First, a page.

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Problems with Chemical Synthesis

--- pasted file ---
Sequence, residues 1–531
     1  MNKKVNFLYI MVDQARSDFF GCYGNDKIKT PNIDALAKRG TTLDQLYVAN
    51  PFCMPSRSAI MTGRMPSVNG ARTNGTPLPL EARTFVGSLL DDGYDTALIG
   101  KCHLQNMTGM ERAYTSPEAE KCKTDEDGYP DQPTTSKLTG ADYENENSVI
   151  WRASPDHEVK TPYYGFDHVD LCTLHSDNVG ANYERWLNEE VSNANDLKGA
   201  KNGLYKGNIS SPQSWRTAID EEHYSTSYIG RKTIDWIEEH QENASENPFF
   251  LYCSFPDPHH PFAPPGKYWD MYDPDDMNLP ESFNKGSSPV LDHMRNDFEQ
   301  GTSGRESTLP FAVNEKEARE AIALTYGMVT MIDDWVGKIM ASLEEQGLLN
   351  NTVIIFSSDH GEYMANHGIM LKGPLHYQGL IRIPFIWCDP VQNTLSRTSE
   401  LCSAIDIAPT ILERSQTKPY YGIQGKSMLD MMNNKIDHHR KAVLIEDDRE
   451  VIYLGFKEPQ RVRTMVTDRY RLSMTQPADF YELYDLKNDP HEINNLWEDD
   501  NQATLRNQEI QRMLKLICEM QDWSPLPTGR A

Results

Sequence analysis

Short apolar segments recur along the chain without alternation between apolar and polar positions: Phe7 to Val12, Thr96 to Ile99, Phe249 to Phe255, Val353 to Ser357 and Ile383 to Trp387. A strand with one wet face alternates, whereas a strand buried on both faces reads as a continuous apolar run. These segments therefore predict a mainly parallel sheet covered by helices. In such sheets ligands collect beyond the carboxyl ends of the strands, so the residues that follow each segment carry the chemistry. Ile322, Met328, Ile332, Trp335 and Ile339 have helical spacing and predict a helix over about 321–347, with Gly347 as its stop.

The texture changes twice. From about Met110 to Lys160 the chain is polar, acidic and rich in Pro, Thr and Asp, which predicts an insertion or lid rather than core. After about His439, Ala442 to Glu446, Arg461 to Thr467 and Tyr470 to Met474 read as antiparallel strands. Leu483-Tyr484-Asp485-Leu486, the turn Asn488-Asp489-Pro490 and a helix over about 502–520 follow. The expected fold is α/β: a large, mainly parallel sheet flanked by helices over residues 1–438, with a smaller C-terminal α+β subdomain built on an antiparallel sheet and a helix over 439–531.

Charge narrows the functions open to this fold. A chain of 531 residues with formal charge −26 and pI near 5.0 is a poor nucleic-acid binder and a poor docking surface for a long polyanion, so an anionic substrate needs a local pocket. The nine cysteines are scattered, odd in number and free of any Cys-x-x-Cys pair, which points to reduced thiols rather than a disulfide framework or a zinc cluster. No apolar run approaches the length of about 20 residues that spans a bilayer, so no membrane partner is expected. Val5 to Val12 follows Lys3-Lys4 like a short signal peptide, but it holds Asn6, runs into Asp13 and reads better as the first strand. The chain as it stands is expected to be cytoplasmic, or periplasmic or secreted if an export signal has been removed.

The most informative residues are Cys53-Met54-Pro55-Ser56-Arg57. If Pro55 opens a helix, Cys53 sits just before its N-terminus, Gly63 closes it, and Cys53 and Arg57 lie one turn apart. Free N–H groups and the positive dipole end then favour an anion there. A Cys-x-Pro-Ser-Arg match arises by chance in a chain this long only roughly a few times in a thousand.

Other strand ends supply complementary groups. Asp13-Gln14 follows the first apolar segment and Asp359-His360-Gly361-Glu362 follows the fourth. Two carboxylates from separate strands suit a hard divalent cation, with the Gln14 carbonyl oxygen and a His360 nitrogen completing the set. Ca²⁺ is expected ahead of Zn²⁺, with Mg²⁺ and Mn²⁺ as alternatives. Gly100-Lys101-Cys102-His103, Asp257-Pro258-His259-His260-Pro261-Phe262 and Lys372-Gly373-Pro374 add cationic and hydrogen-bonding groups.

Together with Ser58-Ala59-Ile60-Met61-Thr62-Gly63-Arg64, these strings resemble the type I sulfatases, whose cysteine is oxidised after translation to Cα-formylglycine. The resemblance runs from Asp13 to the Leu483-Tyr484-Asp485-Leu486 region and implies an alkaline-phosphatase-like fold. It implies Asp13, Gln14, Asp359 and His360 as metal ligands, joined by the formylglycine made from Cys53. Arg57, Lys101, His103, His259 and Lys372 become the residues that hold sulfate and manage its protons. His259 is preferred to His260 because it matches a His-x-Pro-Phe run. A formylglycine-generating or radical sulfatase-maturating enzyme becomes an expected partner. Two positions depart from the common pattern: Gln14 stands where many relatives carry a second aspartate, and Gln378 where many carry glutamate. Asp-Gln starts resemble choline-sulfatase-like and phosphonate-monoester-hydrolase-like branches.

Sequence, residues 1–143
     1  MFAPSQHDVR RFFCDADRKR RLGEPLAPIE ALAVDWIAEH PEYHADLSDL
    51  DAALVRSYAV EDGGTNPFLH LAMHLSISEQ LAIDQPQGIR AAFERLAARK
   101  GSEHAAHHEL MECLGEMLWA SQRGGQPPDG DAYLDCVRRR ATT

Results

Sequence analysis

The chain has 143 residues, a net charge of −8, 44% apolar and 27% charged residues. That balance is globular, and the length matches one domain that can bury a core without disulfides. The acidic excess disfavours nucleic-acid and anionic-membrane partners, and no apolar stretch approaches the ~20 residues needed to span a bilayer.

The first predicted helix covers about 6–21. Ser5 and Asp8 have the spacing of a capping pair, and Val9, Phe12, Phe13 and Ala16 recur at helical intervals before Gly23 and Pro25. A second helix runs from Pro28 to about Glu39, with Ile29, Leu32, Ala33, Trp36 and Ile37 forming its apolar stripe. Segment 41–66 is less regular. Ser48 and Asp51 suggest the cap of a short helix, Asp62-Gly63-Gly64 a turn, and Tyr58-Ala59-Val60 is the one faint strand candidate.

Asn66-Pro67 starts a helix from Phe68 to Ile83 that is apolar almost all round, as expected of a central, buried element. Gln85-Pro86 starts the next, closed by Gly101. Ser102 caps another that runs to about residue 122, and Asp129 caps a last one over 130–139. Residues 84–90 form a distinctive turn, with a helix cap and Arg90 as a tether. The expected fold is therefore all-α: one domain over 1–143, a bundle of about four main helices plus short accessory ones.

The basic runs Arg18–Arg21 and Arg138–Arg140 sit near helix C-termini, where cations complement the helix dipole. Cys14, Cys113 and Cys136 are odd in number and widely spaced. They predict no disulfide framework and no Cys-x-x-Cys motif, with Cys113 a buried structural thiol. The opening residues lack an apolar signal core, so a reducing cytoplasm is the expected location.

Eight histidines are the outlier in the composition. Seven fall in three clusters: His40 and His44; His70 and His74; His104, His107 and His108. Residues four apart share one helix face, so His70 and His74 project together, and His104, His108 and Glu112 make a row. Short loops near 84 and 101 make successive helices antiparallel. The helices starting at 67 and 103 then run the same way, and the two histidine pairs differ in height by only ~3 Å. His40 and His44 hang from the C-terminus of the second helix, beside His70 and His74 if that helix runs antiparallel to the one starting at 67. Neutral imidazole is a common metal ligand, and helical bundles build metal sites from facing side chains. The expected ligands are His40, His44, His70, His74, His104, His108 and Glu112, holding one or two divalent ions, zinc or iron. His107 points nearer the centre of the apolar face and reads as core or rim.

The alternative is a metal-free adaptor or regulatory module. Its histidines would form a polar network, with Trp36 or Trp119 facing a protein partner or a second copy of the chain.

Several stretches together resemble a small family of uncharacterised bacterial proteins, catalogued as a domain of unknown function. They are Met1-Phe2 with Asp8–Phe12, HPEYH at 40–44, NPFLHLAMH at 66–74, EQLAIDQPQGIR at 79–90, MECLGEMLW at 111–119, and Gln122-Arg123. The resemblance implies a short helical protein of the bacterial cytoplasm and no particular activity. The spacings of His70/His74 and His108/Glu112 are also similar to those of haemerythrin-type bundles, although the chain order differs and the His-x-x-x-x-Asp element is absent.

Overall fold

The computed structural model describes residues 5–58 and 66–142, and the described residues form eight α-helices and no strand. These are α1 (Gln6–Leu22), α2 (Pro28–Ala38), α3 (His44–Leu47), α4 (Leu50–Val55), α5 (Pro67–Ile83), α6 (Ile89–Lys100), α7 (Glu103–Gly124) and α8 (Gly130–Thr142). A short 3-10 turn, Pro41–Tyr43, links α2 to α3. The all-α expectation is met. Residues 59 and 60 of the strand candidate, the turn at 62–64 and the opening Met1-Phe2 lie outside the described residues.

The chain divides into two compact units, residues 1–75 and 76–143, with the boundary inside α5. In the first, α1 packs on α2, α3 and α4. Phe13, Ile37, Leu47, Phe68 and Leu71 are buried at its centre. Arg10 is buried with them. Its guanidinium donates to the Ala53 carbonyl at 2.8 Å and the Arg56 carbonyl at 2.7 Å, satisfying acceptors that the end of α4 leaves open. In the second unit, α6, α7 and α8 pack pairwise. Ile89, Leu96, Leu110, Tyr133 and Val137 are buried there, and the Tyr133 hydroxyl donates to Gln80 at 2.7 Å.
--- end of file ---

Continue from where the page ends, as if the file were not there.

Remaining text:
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Hello, everybody and welcome back. today will come to the synthetic problems will talk about the synthesis of some components. (Refer Slide Time: 01:11) So, last class last lecture, I had left you with this problem that is the correct ionic form of the peptide and this is the sequence starting with N terminal alanine, lysine, arginine and aspartic acid that is C terminal, what would be the ionic form of this peptide at pH 7.4. This is important of which pH you are you have to write the structure. So, in this case, its pH 7.4. Now, if you have to write the structure it starts so this is an alanine in N terminal, which means it has the amine group. So, I am first writing the skeleton and then we will look at that what are the ions or which ionic form they might alanine is CH3 here. And then you have CO NH and then next is lysine is 4 CH2, 1234 and then amine after that so this would be CO NH sorry this would be the down the plain 123, 1234 they should be off the plain Marcheline has 123 carbon and then you have NH now one is NH and here it is NH2 I guess that is the structure of origin and you can verify. CO NH and this aspartic acid that is aspartic acid are CH2, OH and here this is the carboxylterminal. So this is the raw skeleton without going to any charge formation or without going to any ionic characters. Now let us see what happens at pH 7.4. So, if you remember the PK values or if you look at the table of the PK values that that was given for all amino acids we will see a general trend. The trend is for amine group pH the NH2 of the amino acids itself or be the mean of the side chains, that trainees, all of them have the peak A value which is more than 8. At least more than 8, most of them are above 9, but at least they are more than 8. This means that above pK of or above pH of 8, they will be deprotonated. Below that pH or below the pH 8 it will stay as a protonated form so, this form will stay as NH2, and NH3+ will be pure NH2 only at least above pH of 8. Most of the time it is above 9. If you look at the table you will see but in general, at least it is more than 8. So, if you want to get the deprotonated version that your pH of the solution has to be more than 8. So, this is will come to the pure NH2 or below that pH. This will always exist as ionic form NH 3+ protonated form. So, there you go if you do it at pH 7.4, which is the physiological pH so, this will stay not as NH2 this will be as NH3+ and similarly here NH3+ so is here NH3+ they will all exist as the protonated form or the positive form. Now, what about the other side chains? Alanine does not have acidic or basic side chain so no problem here. This is lysine, this is arginine. And this is aspartic acid has a carboxylic acid as the side chain. Now the other trend is for the carboxylic acids they have the pK value off, of course below 7, and much below 7. At most, I think the pK value of the carboxylic acids in the amino acids was close to at least 4. So below that is the most that are the highest pK value actually of the carboxylic acid of the amino acids I guess. So which means above, above that pH, pH4 for they will exist as the deprotonated form. So this above the pH4 will exist as C double minus below that pH, it will be protonated not for depends on the amino acids which amino acids were talking about you will see that many of them have the pK of the carboxylic acids, which are close to 1.8 to something like that so in those cases, so above 2 or above 3 itself, they will be deprotonated. But the general that at least above pH everything would be deprotonated. So and we are doing it at pH 7.4. So, here in that pH, your acid would stay not as acid, but an ionic form. So this would be the actual ionic structure of the peptide that all the images will be in the protonated form. All carboxylate would be in the carboxylic acids would be the carboxylate amine form, of course, now, you can see that if you change the pH, this will vary. If you reduce the pH2 maybe 2, then this will all change if you increase the pH up to 10 or 11 maybe they will, they will also you will also see different kinds of structures possible. Now, you have to deduce how to practice what will be the forms and different pHs so, likewise, so far I have shown you a few problems in numerical and as well as based on some structures, so, you could frame your own problems, which is closer to this area and then can try to solve this so, I am just giving you a few examples of which can have many very essences. (Refer Slide Time: 10:56) So today we will talk about some synthetic problems and we will start with a target molecule NH2 this is cytosine and here selenium methyl OH here ODMT. This is your target molecule question is how can you synthesis this molecule the change is for the ribose sugar you have OH here, in this case, we have our seme, selenium methyl, selenium group basically, how can you synthesize this compound, you can start with your favorite molecule or your molecule of choice. You can choose your own molecule where you want to start from. So, this molecule or synthesized the reason is such there are plenty of various sounds like there, I mean, there are many types of variations that have been synthesized and they show different kinds of properties actually. So, this particular molecule or this particular kind was synthesized to improve the crystallization property of DNA. If you synthesize a DNA out of this, what has seen that presence of selenium that actually increases the chance of getting a good crystal? Usually, the crystallization of DNA is very hard actually. And most of the time it fails, it is quite hard to get a proper crystal of DNA, if you want to study the structural pattern of DNA, so, the introduction of selenium was seen that it will increase the tendency to form the crystals. So, there you go, this is the target molecule. Obviously, only one thing you are doing is replacing the hydroxyl group with a saline methyl and both of these are down the plain. So what they have done is they have started with this molecule writing cytosine. And since you need the selling methyl in the down the plain, they have started with the OH which was off the plain because then it makes it easier. And then, as usual, I think that that is only the clever part probably. Because the rest of these the others you can easily do so, the first thing you have to do as we have talked that if you have an equal way so and in order to make sure that they do not participate in any reactions that you intend to do on the sugars, the new protect the functional groups are the reactive functional groups of the basis this case you have a free I mean in the cytosine and therefore, you definitely need a suitable production of the amine group. So, you can do it with the acetyl production or they do it with this kind of productive group, if you use this, of course, you get the elimination nucleophilic substitution of the chloride and what you have is here in NH CO isopropyl amide link is basically which is less reactive and it will be stable I am sorry, I made a mistake in the target. This would be this, the double bond here. So this is the double bond. This is the target of the double bond that is the first step. The second step is that you need to give this OH as it is, and you need to protect the other 2 so that they do not interfere in your future nucleophilic substitution reaction. So, and again you can see this is a 1 3 dial, so, you can protect it by the silyl group that is the TIP Dsicl2 and of course, you need that suitable solvent and all and all this if you do that, so, the structure of this was I think I had mentioned once CL see this is TIP DCL actually, so this is the structure of it. So if you do that, then what you get is so I am writing this as C prime because this will be all along with their production, this is not going to react was mostly once will react si o si and this would be the production group once you are protected the 1 and 3. Now you can do reactions on this center and in nucleophilic substitution, you will happen here because the cytosine will not react this is not going react the only position is left is the C2 prime you have the OH group and that you want to replace. And we know that ethyl bond or the alkaline bonds are CO bonds basically in this bond CO bond is quite strong, it does not get eliminated easily if you remember OH or the OR ether bond or the alkaline bonds are very hard to break because the OH group or the OR groups, they are not good living groups, they have very bad living groups. That is why you need to use it usually very strong acid to if you want to make it protonated and then only it can be eliminated. So, either you have to use a very strong acid which will make problems here or you have to find other ways to make this wage a better living room. And that is done here actually that this OH made into a better living group by OTF. So, if you use CF3 so, s to CL this is, in short, this is called O Triflate, OTF you have the electron-withdrawing capacity. Here also they are all electron-withdrawing in nature. So, and it will do the production first here and wants to do that. So, OTF is a very good living group and very widely used in organic chemistry. Let me hear the other 2 are there So, this becomes quite a good living group because you see if you write O Triflate is this so if this is eliminated, this comes this goes there and also tracks the electron density. So, this overall this will pull the electron density so bonded electron with the carbon, for example, would be towards this and it can leave easily with its nucleophilic proper nucleophilic substitution even if you do not have a very strong nucleophile that rate. (Refer Slide Time: 21:40) So now mese sees me can be for this effectively, mese is the nucleophile. So this is the nucleophile there to latter the center eliminating the triflate, and of course, since the triflate is on is down the plain since this is a, I am sorry since the OTF is up the plain, the nucleophile has to attack from the down the plain it is a pure SN2 reaction. So therefore, you are seme comes down the plain as your target is now all you have to do is to leave this production which you can do with the fluoride and source as having talked usually use TBAF. You can find the structure of TBAF that is the fluoride components ammonium fluoride basically tetra butyl ammonium fluoride, F- this is ionic form, which has fluoride minus so little bit fluoride that will deprotect this and will bring back C prime OH, bring back OH then you do the DMT production DMT chloride you need a period in a period in is a solvent that is usually used for DMT production because the DMT production is very sensitive chemistry. The presence of a slight amount of acid or a slight amount of water will make this will kill this reaction. So, dry pyridine is usually used seme which and you have O DMT, DMT chloride because DMT has a larger size that only reacts at the 5 prime positions. I think I have shown the structure of DMT before. So, the DMT is O Methoxy 2 benzene rings will have a para O methoxy groups and 1 benzene is acetone benzene. So, this is your DMT chloride, dimethoxytrityl, CL is chloride. This is because of this large size it goes actually here only and then if you want to protect this, if you want to go for the DNA synthesis, of course, he will keep this on as it is but if you want to do this, you can simply use the ammonia ethanol or other suitable DE protecting agents that will bring back your C, O DMT. So, here is your target compound. (Refer Slide Time: 25:48) Now, I like to give you a brief introduction to chemistry which is known as I think maybe many of you are aware of it already, which is known as click chemistry it becomes very, popular because of its applications in chemistry and Chemical Biology. So, and for that, this was developed by Barry Sharpless, K. B. Sharpless, for which he was he has received the Nobel Prize, because it is the worst array of applications in, especially in biology, as well as in chemistry of course. It is basically a coupling reaction metal coupling reaction that you have seen in many, name reactions. They have they are involved metal, metal coupling reactions are involved in those so, here this also is kind of a coupling reaction between and as I said, if you have an N3 group as I plus if you have an alkyne then in presence of copper 1 catalyst, they will be coupled together and they form a 5 membered ring. So, 5 membered triazole ring and that chemistry are known as the click chemistry. So, it is a reaction between azide plus alkyne in copper one, using copper one catalyst gives you triazole ring, which is in this case, if you do, let us, if you call R N3, and if you take this as R prime, this is R prime and this is R then product to be here is R double bond. This carbon here is 1 N that is R prime. Here is another end double bond, this is the compound triazole compound. So, this R can R prime can be anything in this direction this R can be anything in the other direction and you can like get them together you can join them together by this triazole ring formation, very easy chemistry. And this can all happen at room temperature, which makes it really a good way for its applications in biology because you cannot use higher temperatures there. (Refer Slide Time: 29:44) So in this case, we will see an example of doing click chemistry for DNA. So if you have in general B1 base, if you do N3 for example, here and you have a DNA where the last base is modified with N3 and you have another DNA B2. Next this is to protect this is another DNA. The other part of it said 1 kind of DNA. This is other DNA, DNA 1 and DNA 2 and here if you have 5 prime 121, then triple bond there. Copper 1 room temperature then what will be the product? Of course, the product is simple as you have seen just that these as I will couple with this alkyne gave you the 5 memory. So, you will basically connect in this way you will basically connect the 1 DNA with other DNA. This is your 1 DNA and what you will have is in another in here this should be a double bond here CH2 something like this the angle is not proper, but you can make it better. This is what you will get instead of usual now if you look where the difference between the normal DNA with this molecule is that this is also a DNA only difference is here, the backbone skeleton, normal DNA has a phosphate bond, phosphate group here you have a try so mighty in this case without a phosphate. This kind of chemistry in biological terms is known as chemical ligation and that is why this is very much for because you can like you have seen how to like it to DNA strands using the enzyme DNA ligase. So, in this case, you can ligate it to DNA is a chemical method. That is why this is known as chemical ligations. And it has found literally a lot of applications in biology. If you want to connect 1 gene with the other or one modified DNA that if you have that you want to use it as a probe with the target DNA, which you can again modify then you can use the method of chemical ligation in situ to gate or to obtain variation or to obtain a longer version of the DNA for various of course, depending upon your aim and your applications. Similarly, you want to, for example, make a covalent bond between a protein and substrate, which can be a drug or which can be any other biomolecule can be DNA can be the smaller small molecules, for example, vitamins, antibiotics anything. So, in those cases what you can also do this has been applied really well, they are, so your proteins contain many side chains that have been amine groups, NH2, which you can easily convert into N3. And then, if you are the other molecule, which you want to connect it to, for example, the antibiotic or for example, the other substrate for example, or drug if you modify that with an alkyne, then you can easily connect them together and study the protein functions or what the protein actually does in the leaving cells. So, this is called chemical ligations. And of course, the other advantage is not advantaged other difference is that you have now when the backbone becomes triazole ring, this is hugely reached in pi electrons also in hetero atoms. So, this is a planar system first is not a planar system this becomes a planar system. So, this will give you a different orientation of your DNA, and also it will increase the pie stacking interactions as well. So, they are used as a modified version of DNA as well. So, all you need to do is convert the normal functional groups such as weight here into this. Similarly here there are many ways to do that so, the mechanism of this reaction. You can find out from click Chemistry is quite popular I will show you here briefly. (Refer Slide Time: 36:03) Now let us start with a general mechanism. If you have alkaline RC triple bond C8. Then the first thing is this binds with the copper. So this is copper 1 so I will not write copper 1 again I will just simply write copper, which means copper 1. So copper is coming in here first in the pielectron, then comes in here, it eliminates proton and takes the place of the proton. So this becomes a copper now, another copper comes in next forms in a complex here that tracks the electron density and here comes you R prime N3 as I now N3 can be written like this so, neutral, this become plus this becomes minus. So that is what is your as N3 always exists in of course, in the resonating structures we can write other resonating structures as well, but this is one of the forms. Now, if this happens, then what will go rewrite this into the proper form you have the offer and then R prime in R prime in triple bond N so, this is plus this is your minus now, you have this copper here that makes a complex session this next complex session. Now copper is electropositive. So, it wants to push the electron density towards this, which increases the electron density on this carbon that can act as a nucleophile. This will be coming there so, what you are getting now is a double bond R in R prime with copper and here with the copper, this and they have this is originally surplus has shown that this nitrogen forms a complex session in this kind of thing this dotted, but nevertheless, this is the raw skeleton that comes here. So, next is, of course, the elimination of 1 copper. And then you have here the copper was covalently bonded, you know, the double bond here is R and there is this nitrogen here. Now it is a double bond and this is nitrogen with R prime yes, this is what you have now, this copper has to be eliminated with replaced by the H. So this is what it will happen that H+ that you have released here will come and copper 1 will be released just the reverse of this and that will give write it here that will give you here the H the central compound. And this copper is eliminated which can come back to this cycle. So, the cycle can continue that is why copper 1 acts as a catalyst. So, this is what the proposed mechanism of the reaction Sharpless reaction now, when you were you know practically when you are using the copper 1 as the catalyst, you do not have to use really copper 1 as a key compound. You can use also the copper 2 like CuSo4 which is copper 2 or any other salt because they are cheaper and if you want to convert it into you have to convert it into copper 1 because that is the active catalyst. So, you hope to use some they use ascorbate or ascorbic acid so that will reduce this into copper 1. So this is what is the reaction of the click chemistry so, I am giving you this I am talking about the click chemistry just to make you familiar with you that in future if you are thinking of making any covalent bonds if you are thinking of connecting to conjugating different kinds of biomolecules, then this is one of the quite popular methods to use. (Refer Slide Time: 42:55) So, now we will move on and I have talked about that if this is your thymine, this is your thymine NH and this is the sugar N3 here and OH there. So, as I basically how can you synthesize this molecule you can start again with the molecule of your choice. So this molecule is actually our famous drug famous medicine. This is called A Zed T. This is one of the first HIV agents, HIV AIDS, and very popular medicine actually a very, popular drug. So, we have to synthesize the A Zed T molecule, you can find out the full A Zed T. As I tell you, you find it out. It is a very famous molecule. So here they originally they have synthesized it starting with the sugar. But the key material from where it actually starts is this actually comes from the sugar this is derived from the sugar which is D Mannitol multi-steps, reactions and it comes down to this. So, from here if you look from here, how do you get into the compound? So the first thing that you need is the production over here, which you can do by DMT or you can do by calculations. So, if you use the site, you can use it by salivations also, TBDMS chloride, if you it was that then you can get O, TVDMS you can do it by DMT as all DMT is a little bit fragile. So if you want to do multiple reactions after DMT it is better to ever DMT at the beginning. Now you bring in some functional roof here you can do that or how to bring in your nuclear base in these solutions. So they have forced attested with nuclear waste. So, if you want to address the nuclear base, so, the first thing you have to do is to reduce this OH into alcohol into the OH TBDMS. Now for this reduction in how to use the reducing agent. The usual reducing agent is sodium monohydrate, lithium aluminum hydride and all this. But of course, you know, since this is only our single carbon reduction, you want to avoid the multiple H minus the reagents which have multiple H minus for deductions. So you use Dibal here that is single hydrogen or single hydride transferring agent basically it allows a single hydrate transfer the structure is it has a single one hydride base dies isopropyl, lithium aluminum hydride basically. So, it has only one H. So that so, it will not affect the other part of the reactions. So, you have OH which you can convert it into to do the acetylation make a better living group a little bit better living group at least OAC, OTB, and DMS. And from here you can make it further this a better living group by reacting it with a triflate OTF. Now, if you directly do this chemistry I will go to the next page better. (Refer Slide Time: 49:08) Starting here OAC I am just writing P for the protection you need thymine. So, thymine if you start with thymine if you treat it with TMS because we need we have talked about this when we have done the nucleotide synthesis, that the nucleophilicity here of this carbon is not very well reactive, the all the sugars are not very that much reactive, so you have to increase the nucleophilicity of this of your base basically so, and we can do that by converting it. So, you can use TMS O triflate or TMS chloride both will do in this will give you O SiMe3 and this basically increases the nucleophilicity here how here or there you have the OTF minus that was released here. So, this will come immediately this will go and that is how you are in nucleophilicity of through this nitrogen is increased. So this will react here eliminating the OH OSe and you can have are now writing T then OP. Now, this is reacted with LiN3 nitride along with the solvents so as I do have T then this will include in N3 over here OP it can go either they are also so it can have you can have a mixture of them and then of nitrogen TBAF if that is the nitrogen and get this back is one way. Another way is that I will do it quickly OP you had first you can do with the LiN3 and this is even better actually right here better procedure. So, because of this conjugation, your nucleophilic substitution will probably mainly happened in this case. So, you have this, the audience you will come here, selectively almost selectively. This is better. This is for me, this is better and then you can do the reduction and another way dibal reduction followed by one followed by acetic anhydride to that will lead you N3, Op and OSe and then from there, you can add the thymine over there. This is a better way. (Refer Slide Time: 53:37) And lastly, the compounds that we are doing here that compounds that I am writing the structures of all kinds of all important kinds of components which are either biologically found or they are active they have properties in biological systems. Let us see O DMT and here is I mean so, this is the cysteine. Now cysteine if you have aldehyde group here, this is called from here it will come. This was actually the CH2OH, this derivative of cysteine this has actually frowned as nuclear ways in many brain cells. And this has been invented quite recently, I think, 6, 7 years back was found a different nuclear way, not in present in all genome but present in certain kinds of genes or cells. Brain Cells are the genes of tenting the brain cells content, a certain quantity of this variation, and this is known as the sixth nuclear base. So, ATGC and euros il, these are the 5 nucleobases is present in the cells living cells, and this is the sixth nuclear waste that is sometimes present. So, how to synthesize this molecule I will just throw briefly if you want to make this molecule in large quantity in laboratory wait. This I mean to protect with NHP with the switchable production group you can use that we have done in and here you start with the compound from here using our metal coupling reaction that is Carbonyl basically phosphine and the other the solvents, these are the key ingredient CO is the key ingredient in here. From reaction basically in NHP, then you will have a CO inside and eventually it would not be replaced and it will have the H so it will come aldehyde I forward to do one thing when you start this you have to start with the production, so if you start with the sugar then you can do the production. Either you can do TMS or as we have seen, you can use also the breezed 1 the TIPDSTL and a TPDMS chloride. With the dice sialylation which goes to 1 and 5, 3 positions that also you can do or if you treat it with TMS both will be protected. So, here the TMS for example, here TMS and then you have the insertion. This you can reduce with the sodium borohydride or maybe a dibal also sodium borohydride is fine here followed by the opening of the so if this is one, your second would be your TBAF, NHP and this would be reduced into the weight so that is why the reducing agent is 4. And then you can convert it into the TMT so, this is a naturally occurring, of course, nucleobase which you can see this find a synthetic route to make more amount of in your laboratory. So, these are some of the synthetic problems that I intended to solve and to show that you can play around. So, you can find again if you have a target molecule, you can figure out in and around what we have got that how to synthesize those kinds of molecules, especially the very essence in the nucleic acids. Thank you.